One issue that has always interested me is how one can maximize the retention of visitors from social bookmarking sites like Digg. These visitors are only coming to your site to read a particular article; typically, they don’t stay around to read other things. A similar notion is true about visitors from search engines (though their tendency to stay is somewhat higher).
What do these situations have in common? Obviously, these readers found your site through methods that didn’t involve your direct recruitment. They were drawn to your site because of a specific piece of content that relates to them somehow. Even more important, this reader is often highly uninformed about your topic of discussion, but is seeking some piece of information related to your topic.
The question is how do you convert these viewers into long-term viewers. Here are some suggestions to keep those viewers on your blog and perhaps convert them to regular readers.
Give them lots of opportunities within the post to dig in further. Link specific points in new posts to appropriately-related articles from your archives. This encourages the interested reader to click on the link, which will take them to another article that might answer their question. Of course, this post should also have specific points linked to archived posts and so on. Don’t rely on these links, though; your post should express a full thought on its own without links. The links merely serve as a way to expand thoughts and to pull in the interested reader.
List related posts. Whenever a user sees a post, they should find links to similar posts on your site. This is particularly true for search engine visitors: once they find a page on your site, it may or may not answer their question, but similar posts might address their needs, and providing a link will keep a user reading, which is what you want. For WordPress users, there’s a great plugin that does this automatically; for users of other blogging software, you may have to really work to find other ways to do this.
Make some of your best posts easily available. You should keep a list of your best posts either directly on your sidebar or on a page linked to on your sidebar. If a person visits from a search engine or a social bookmarking site, they’re looking for good stuff, so pointing them to potential sources of good stuff is always a strong idea.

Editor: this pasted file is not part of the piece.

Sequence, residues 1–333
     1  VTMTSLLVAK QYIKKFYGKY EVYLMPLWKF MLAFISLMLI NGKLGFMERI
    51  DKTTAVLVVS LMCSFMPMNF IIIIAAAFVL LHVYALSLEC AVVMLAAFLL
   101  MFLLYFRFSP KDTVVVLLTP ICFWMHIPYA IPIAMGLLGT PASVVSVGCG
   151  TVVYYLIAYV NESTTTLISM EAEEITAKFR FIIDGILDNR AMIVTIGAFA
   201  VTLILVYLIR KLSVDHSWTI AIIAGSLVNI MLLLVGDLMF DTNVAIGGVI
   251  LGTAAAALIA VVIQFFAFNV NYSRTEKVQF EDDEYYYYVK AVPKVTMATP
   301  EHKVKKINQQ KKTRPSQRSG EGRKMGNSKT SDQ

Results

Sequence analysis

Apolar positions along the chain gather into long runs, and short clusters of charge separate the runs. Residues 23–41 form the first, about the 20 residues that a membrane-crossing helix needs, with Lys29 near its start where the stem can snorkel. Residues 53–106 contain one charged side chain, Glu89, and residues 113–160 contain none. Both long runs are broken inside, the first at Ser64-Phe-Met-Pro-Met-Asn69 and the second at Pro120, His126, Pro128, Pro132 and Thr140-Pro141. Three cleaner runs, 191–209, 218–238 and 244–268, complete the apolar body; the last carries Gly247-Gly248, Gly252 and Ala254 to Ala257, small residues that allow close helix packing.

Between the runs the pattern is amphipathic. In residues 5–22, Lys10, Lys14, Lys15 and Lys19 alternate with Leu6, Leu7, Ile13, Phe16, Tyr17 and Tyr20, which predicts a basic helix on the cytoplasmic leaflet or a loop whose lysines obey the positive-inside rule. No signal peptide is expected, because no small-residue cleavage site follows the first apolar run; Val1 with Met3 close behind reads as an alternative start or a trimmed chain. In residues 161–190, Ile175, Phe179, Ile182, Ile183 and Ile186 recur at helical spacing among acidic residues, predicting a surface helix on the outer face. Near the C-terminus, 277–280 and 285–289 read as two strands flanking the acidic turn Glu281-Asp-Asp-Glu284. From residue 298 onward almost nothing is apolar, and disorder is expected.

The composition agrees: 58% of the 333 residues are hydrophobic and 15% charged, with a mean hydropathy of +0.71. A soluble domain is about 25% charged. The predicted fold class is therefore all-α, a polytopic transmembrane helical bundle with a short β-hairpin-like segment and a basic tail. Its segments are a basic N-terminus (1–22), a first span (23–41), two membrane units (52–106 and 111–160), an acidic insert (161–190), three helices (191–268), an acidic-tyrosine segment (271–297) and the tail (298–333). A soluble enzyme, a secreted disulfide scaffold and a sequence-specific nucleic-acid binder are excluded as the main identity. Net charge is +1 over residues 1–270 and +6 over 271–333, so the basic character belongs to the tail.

Engage them directly. If a post of yours shows up on a social bookmarking site, you might want to stick a paragraph that introduces your site on the top of that popular post for a week or so. This paragraph should include a one-sentence description of your site and a few links to your absolute best posts. Although I don’t usually follow this practice, I have seen it be successful in practice, particularly if your blog is rather obscure and this is your one moment to be seen by a large group.
Answer your email if at all possible. Quite often, casual viewers will fling a question at you if they see your site and are interested, but you didn’t immediately sate their interest. This is an opportunity to, in the worst case, pick up a reader or, in the best case, pick up a lot of readers. Answer courteously, quickly, and accurately if at all possible. If you’re to the point where you’re receiving dozens of legitimate emails an hour, you can reconsider this, but your blog is probably so successful you have no reason to be reading this, anyway.
Building a Better Blog for 2007 is a month-long series at The Simple Dollar, outlining steps you can take to build a long-term healthy blog that will attract readers. Jump ahead to the next essay, Talking to Other Blogggers, or back to the previous one, Post Consistently.